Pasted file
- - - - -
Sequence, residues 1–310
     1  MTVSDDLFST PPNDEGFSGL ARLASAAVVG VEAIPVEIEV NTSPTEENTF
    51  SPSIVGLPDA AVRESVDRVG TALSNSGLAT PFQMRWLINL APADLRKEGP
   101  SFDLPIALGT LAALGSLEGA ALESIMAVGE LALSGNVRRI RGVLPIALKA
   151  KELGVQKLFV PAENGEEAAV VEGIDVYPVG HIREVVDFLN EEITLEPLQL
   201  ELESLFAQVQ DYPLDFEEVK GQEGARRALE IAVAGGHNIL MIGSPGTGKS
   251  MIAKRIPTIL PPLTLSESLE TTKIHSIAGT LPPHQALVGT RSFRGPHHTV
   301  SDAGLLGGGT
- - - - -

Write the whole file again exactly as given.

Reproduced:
Sequence, residues 1–310
     1  MTVSDDLFST PPNDEGFSGL ARLASAAVVG VEAIPVEIEV NTSPTEENTF
    51  SPSIVGLPDA AVRESVDRVG TALSNSGLAT PFQMRWLINL APADLRKEGP
   101  SFDLPIALGT LAALGSLEGA ALESIMAVGE LALSGNVRRI RGVLPIALKA
   151  KELGVQKLFV PAENGEEAAV VEGIDVYPVG HIREVVDFLN EEITLEPLQL
   201  ELESLFAQVQ DYPLDFEEVK GQEGARRALE IAVAGGHNIL MIGSPGTGKS
   251  MIAKRIPTIL PPLTLSESLE TTKIHSIAGT LPPHQALVGT RSFRGPHHTV
   301  SDAGLLGGGT